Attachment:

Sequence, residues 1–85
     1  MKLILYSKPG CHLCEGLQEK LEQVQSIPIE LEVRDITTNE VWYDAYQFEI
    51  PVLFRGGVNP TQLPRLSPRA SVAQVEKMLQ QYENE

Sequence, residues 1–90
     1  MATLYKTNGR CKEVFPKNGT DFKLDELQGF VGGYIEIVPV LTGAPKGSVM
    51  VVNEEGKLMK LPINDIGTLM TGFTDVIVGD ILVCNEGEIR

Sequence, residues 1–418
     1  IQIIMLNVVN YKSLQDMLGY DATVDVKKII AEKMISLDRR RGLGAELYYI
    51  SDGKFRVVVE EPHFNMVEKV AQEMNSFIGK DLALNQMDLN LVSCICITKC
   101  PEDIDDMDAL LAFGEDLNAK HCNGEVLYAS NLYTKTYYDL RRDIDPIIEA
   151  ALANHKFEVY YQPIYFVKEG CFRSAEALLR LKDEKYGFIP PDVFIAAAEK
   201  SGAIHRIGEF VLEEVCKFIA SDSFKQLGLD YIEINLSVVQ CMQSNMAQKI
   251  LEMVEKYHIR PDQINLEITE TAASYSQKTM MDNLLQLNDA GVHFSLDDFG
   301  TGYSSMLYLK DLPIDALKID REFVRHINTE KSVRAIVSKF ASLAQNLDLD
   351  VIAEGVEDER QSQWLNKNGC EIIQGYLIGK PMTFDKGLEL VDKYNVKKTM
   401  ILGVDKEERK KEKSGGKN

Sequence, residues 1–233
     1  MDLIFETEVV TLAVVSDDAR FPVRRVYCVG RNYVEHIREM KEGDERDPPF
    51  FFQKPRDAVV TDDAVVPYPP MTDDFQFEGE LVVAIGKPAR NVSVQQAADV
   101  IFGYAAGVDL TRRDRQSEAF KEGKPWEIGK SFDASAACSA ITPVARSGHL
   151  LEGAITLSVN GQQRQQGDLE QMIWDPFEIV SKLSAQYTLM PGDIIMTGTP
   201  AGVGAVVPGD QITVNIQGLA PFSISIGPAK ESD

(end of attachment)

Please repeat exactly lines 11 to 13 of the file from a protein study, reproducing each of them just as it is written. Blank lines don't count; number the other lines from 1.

   151  ALANHKFEVY YQPIYFVKEG CFRSAEALLR LKDEKYGFIP PDVFIAAAEK
   201  SGAIHRIGEF VLEEVCKFIA SDSFKQLGLD YIEINLSVVQ CMQSNMAQKI
   251  LEMVEKYHIR PDQINLEITE TAASYSQKTM MDNLLQLNDA GVHFSLDDFG